From traditional benefits like life insurance and vision care to trendier offerings such as insurance to cover pets or protect against identity theft, voluntary benefits can serve as a cost-effective method to attract and retain workers.
Voluntary benefits are administered by the employer and paid for by workers, who in turn receive group rates or discounted services. Because employees are bearing most of the costs, employers can bolster their offerings to meet diverse worker needs while maintaining lower costs.
The International Foundation’s 2022 Employee Benefits Survey Report provides benchmarking data on a wide variety of voluntary offerings, including life insurance, accident insurance, vision insurance, short- and long-term disability benefits, and more. This article reflects the survey responses received from corporate and public employee organizations.
As of 2022, about nine in ten (90%) responding organizations offered at least one voluntary benefit, a slight increase from the 2020 iteration of the study (87%). In addition, larger employers (those with 500 or more workers) are more likely to offer at least one voluntary benefit (97%) compared with smaller organizations (82%). Following is a look at which benefits are offered most frequently and how that has changed over time. Also discussed are additional factors that determine the prevalence of these offerings and the role these benefits play in driving organization success.
Life Insurance Benefits
- The most commonly offered voluntary benefit is life insurance for either workers or their dependents (74%), a slight increase from the 2020 edition of the survey (67%).
- More than one-half (54%) of responding organizations offer accident insurance as a voluntary benefit. This offering, which protects against loss by accidental bodily injury, has remained at a consistent level of prevalence compared to 2020 (52%).
Critical Illness Insurance
- Critical illness insurance is an offering in which an insurer agrees to make a payment to policyholders if they are diagnosed with a specific condition such as cancer, heart attack, stroke, Alzheimer’s disease, kidney failure or disability as well as for policyholders who need an organ transplant. Payment is typically a lump-sum cash amount stated in the policy. More than one-half (52%) of responding organizations offer critical illness insurance as a voluntary benefit. Like other offerings, larger organizations (62%) are more likely than their smaller counterparts (49%) to provide this benefit.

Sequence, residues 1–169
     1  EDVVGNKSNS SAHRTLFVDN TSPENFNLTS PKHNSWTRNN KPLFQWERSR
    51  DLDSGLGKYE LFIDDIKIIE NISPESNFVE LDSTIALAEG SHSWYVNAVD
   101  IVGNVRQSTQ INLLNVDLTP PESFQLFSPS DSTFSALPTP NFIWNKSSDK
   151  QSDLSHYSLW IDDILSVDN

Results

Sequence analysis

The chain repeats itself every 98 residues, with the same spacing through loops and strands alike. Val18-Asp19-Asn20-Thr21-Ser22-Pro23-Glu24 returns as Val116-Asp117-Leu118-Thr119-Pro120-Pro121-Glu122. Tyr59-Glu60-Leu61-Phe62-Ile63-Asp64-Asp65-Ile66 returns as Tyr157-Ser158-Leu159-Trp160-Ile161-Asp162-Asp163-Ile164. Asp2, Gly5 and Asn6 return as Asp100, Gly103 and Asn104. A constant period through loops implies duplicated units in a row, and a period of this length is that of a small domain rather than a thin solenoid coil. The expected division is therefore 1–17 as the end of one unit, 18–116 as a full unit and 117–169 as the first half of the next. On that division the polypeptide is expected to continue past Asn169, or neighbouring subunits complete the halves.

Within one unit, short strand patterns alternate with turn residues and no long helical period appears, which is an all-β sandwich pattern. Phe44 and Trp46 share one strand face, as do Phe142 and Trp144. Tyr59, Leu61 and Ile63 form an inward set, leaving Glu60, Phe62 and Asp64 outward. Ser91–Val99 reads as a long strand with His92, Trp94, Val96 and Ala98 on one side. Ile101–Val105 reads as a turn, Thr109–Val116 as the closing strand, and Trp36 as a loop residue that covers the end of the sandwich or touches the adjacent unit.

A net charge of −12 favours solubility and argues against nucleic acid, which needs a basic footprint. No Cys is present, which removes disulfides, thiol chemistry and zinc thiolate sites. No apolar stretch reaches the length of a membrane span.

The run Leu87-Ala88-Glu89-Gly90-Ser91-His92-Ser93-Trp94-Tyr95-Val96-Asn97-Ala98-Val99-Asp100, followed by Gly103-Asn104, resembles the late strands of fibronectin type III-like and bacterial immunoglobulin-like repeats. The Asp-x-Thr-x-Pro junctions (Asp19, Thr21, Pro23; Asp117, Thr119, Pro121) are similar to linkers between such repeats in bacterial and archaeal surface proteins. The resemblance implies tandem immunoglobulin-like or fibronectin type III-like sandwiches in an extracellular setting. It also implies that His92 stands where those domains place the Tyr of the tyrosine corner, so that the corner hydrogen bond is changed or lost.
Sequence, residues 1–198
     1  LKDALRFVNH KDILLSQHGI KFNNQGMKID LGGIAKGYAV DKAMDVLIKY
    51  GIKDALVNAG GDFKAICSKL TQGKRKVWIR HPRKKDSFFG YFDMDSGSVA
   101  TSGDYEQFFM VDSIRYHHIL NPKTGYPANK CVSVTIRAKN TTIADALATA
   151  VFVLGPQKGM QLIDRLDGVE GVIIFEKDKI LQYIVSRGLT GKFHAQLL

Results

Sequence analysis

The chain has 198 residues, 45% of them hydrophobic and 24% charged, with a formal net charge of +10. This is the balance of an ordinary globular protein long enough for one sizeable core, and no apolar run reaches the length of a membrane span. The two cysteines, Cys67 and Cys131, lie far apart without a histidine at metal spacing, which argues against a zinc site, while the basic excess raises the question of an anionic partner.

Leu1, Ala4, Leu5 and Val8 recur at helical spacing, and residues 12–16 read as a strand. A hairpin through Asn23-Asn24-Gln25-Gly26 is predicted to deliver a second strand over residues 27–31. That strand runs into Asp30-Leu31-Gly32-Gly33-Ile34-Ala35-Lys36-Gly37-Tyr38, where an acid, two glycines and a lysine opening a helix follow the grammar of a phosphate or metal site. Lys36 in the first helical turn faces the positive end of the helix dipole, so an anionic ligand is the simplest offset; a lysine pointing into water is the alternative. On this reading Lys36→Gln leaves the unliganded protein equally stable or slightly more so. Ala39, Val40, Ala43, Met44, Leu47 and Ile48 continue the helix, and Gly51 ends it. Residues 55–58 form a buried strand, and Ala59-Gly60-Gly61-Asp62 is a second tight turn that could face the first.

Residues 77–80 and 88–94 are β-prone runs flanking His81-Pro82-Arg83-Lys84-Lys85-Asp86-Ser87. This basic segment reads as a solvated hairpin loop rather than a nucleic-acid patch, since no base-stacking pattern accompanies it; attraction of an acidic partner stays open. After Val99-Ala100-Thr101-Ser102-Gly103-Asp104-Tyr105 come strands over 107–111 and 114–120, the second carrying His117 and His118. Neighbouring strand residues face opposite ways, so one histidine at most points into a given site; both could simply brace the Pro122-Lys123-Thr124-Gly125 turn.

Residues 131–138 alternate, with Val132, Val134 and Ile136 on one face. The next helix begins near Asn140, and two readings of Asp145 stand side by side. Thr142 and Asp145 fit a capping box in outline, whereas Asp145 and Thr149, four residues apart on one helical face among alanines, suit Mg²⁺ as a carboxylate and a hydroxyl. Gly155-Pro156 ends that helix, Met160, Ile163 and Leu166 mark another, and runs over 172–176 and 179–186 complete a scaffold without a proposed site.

- Vision insurance typically provides coverage for glasses, contact lenses and preventive vision screenings. One-half (49%) of responding organizations offer vision insurance on a voluntary basis, a slight increase from 2020 when 45% of respondents offered it as a voluntary benefit. Larger organizations (63%) are more likely than smaller organizations (47%) to offer vision insurance on a voluntary basis.
- About three in ten responding organizations offer long-term (33%) and short-term (29%) disability coverage as a voluntary benefit. This coverage entails periodic payments when a person is unable to perform the duties of their occupation due to illness, injury or disease. Larger organizations are more likely to offer long-term disability coverage as a voluntary benefit, while both short- and long-term disability insurance are more commonly offered as standard, employer-paid benefits.
Legal Services Plan
- Like disability coverage, about one in three (34%) responding organizations offer legal services plans as a voluntary, “worker-pay-all” offering. These plans typically provide convenient and affordable legal assistance for services such as legal advice, drafting of wills and house closings. Larger organizations (60%) are far more likely than smaller ones (29%) to offer legal services plans as a voluntary benefit.
Identity Theft Insurance